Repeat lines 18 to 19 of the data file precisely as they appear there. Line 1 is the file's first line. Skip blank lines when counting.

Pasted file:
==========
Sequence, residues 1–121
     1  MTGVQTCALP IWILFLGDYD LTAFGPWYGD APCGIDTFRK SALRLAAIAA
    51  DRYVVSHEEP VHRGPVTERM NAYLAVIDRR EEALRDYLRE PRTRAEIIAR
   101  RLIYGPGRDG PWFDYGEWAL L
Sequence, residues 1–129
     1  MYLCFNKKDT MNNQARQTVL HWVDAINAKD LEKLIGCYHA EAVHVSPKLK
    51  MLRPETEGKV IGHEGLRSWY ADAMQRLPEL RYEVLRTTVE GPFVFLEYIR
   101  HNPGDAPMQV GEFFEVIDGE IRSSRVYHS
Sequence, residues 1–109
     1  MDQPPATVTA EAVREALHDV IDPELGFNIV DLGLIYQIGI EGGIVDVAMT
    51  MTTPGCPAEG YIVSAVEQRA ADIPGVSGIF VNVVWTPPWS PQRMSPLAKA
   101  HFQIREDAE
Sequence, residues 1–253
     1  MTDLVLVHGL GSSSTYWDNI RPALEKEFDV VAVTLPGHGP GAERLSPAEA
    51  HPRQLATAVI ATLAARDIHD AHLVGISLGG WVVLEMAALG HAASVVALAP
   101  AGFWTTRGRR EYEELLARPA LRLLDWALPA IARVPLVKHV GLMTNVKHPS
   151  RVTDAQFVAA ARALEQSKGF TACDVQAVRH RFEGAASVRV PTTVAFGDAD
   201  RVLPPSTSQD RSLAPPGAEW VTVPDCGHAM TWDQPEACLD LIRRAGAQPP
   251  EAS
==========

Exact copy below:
   201  RVLPPSTSQD RSLAPPGAEW VTVPDCGHAM TWDQPEACLD LIRRAGAQPP
   251  EAS